Missouri Considers Letting Lottery Winners Stay Anonymous

Thursday February 27th 2020

Will Missouri go from "Show Me" to "Shhh"? A new proposal would give lottery winners the option to remain anonymous, amid concerns over safety and losing revenue to Kansas, which offers anonymity.

“This is a safety issue and a way to give winners protection from being easily targeted," said the bill's sponsor, Rep. Jay Mosley, Democrat of Florissant.

"Many winners have talked about how winning a lottery prize brought them unwanted attention. This bill is simply a way to allow people to feel safe when they win.”

Mosley's bill, HB 1563, has had a hearing by the House General Laws Committee, which will vote on the legislation shortly.

Currently, the Missouri Lottery posts winners' names on its website. Mosley wants to change the law to give winners the choice to keep their name, address, and any other identifying information private. The bill would apply to any prize amount.

Mosley's legislation would still allow winners to have their names publicized if they wanted to. “I know there are people out there that want to disclose that information, but most people, from my knowledge, don’t,” Mosley said.

Mosley said he is also concerned that Missouri players are crossing the border to buy lottery tickets in neighboring Kansas, which allows winners to stay anonymous. Protecting winners' privacy could allow more Missouri residents to spend the money at home instead.

Mosley sponsored the same bill in last year's legislative session. The bipartisan proposal received 100 percent support in the General Laws Committee, but didn't make it to the House floor before the session ended.

Winners experienced unwanted attention

Steven and Suzanne Neuner of Lee's Summit know what it's like to win the jackpot. They won $1.2 million on the Missouri Lotto in September 2019 after Steven purchased a ticket near their home when the couple stopped for gas.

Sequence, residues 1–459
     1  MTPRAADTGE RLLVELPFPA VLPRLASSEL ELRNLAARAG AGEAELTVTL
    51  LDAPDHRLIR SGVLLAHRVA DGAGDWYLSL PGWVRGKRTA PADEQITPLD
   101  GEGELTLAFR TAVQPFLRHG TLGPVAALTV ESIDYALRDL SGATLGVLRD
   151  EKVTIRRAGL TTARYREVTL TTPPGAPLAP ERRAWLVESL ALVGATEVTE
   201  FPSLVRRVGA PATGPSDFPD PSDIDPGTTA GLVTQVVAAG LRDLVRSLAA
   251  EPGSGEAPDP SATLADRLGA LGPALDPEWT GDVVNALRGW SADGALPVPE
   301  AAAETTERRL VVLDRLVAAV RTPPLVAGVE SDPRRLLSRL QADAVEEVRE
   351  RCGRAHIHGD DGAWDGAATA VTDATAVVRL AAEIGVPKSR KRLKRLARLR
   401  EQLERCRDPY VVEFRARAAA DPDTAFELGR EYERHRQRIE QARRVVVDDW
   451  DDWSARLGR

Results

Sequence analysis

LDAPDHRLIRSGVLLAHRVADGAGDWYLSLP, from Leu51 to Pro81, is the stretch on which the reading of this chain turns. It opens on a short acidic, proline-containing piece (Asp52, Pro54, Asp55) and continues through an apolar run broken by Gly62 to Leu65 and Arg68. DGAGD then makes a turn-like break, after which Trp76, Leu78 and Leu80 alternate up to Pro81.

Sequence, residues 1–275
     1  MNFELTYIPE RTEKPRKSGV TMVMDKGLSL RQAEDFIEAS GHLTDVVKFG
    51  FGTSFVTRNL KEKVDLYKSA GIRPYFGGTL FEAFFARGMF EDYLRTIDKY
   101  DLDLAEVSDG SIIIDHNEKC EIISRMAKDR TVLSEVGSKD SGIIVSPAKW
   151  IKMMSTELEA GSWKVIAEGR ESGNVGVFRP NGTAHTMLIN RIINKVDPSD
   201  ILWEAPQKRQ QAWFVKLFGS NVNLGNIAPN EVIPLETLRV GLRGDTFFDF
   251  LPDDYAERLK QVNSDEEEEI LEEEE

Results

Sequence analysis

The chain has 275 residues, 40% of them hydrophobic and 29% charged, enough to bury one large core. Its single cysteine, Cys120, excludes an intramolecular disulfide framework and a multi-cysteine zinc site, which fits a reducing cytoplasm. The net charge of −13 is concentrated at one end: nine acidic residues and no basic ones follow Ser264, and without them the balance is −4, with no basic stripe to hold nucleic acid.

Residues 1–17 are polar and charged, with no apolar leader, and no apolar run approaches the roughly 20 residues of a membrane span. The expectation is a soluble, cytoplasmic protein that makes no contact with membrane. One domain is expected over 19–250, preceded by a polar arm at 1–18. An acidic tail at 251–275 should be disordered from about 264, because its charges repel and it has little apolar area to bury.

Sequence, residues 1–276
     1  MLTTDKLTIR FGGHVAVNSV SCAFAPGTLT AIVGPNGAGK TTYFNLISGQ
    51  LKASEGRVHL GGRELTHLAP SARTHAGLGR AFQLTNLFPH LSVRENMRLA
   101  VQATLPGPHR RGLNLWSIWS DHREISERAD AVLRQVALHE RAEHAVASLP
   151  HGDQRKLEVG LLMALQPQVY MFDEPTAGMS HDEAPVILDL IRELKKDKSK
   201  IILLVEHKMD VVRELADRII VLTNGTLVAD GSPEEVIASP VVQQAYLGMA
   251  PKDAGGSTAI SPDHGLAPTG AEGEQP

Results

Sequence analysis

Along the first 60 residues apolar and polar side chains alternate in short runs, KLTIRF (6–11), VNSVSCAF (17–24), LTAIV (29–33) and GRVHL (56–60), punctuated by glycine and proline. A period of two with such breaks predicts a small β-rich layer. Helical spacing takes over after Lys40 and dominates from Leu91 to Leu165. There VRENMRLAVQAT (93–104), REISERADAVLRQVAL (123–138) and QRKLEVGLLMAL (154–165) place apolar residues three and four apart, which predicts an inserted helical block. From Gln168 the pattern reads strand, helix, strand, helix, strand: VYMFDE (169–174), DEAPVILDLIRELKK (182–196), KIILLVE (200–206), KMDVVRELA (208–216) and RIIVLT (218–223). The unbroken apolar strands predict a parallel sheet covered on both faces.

Suzanne described the win as "Shocking. You don't believe it. You never think you're going to win."

What did the couple do with the money? "We paid off our home, paid off my car, and Steve splurged and he bought a truck," Suzanne said.

But after Steven's name and picture were published on the lottery website, he received some unwanted contact. "Some people that were on the internet called my husband, odd people. They wanted us to invest with them," Suzanne recalled.

Mosley said that stories like these are why he sponsored the bill. "Not having to disclose your identity to the public, I think it means the world, and it'll be appreciated," he said. "People wouldn't easily be targeted, and I think people will be more at ease."

"We're probably losing a significant amount of money to Kansas because of that fact," he added.

At the Temp Stop gas station where Steven bought the ticket, other players supported the option to retain their privacy.

"I'd probably rather stay anonymous," said Barbara Croy. "I don't want people asking me for money."

"I would absolutely stay anonymous," said Randy Penland. "I think just to prevent hassle."

Growing support for anonymity

Missouri is one of an increasing number of states that are concerned with allowing winners to stay anonymous.

New Jersey is the latest state to let winners remain anonymous, after a new law was signed by Gov. Phil Murphy in January 2020.

Sponsors of the bill said it was aimed at what they called the "lottery curse." "The winners should have the option of remaining anonymous if they want to stay out of the limelight and away from unwanted attention," said Senate President Steve Sweeney.

Five years ago, just five states allowed anonymity, but with New Jersey's new law there are now 11 states that protect privacy in at least some instances.

Of those, nine states allow the choice of anonymity without any strings attached: Delaware, Kansas, Maryland, New Jersey, North Dakota, Ohio, South Carolina, Texas and Wyoming.

In 2019, eight states introduced bills to allow anonymity, and in Arizona, Virginia and West Virginia, the proposals were signed into law.

In the most high-profile example so far, the winner of the $1.5 billion Mega Millions jackpot in South Carolina in October 2018 opted to stay anonymous, with her lawyer claiming the prize on her behalf.

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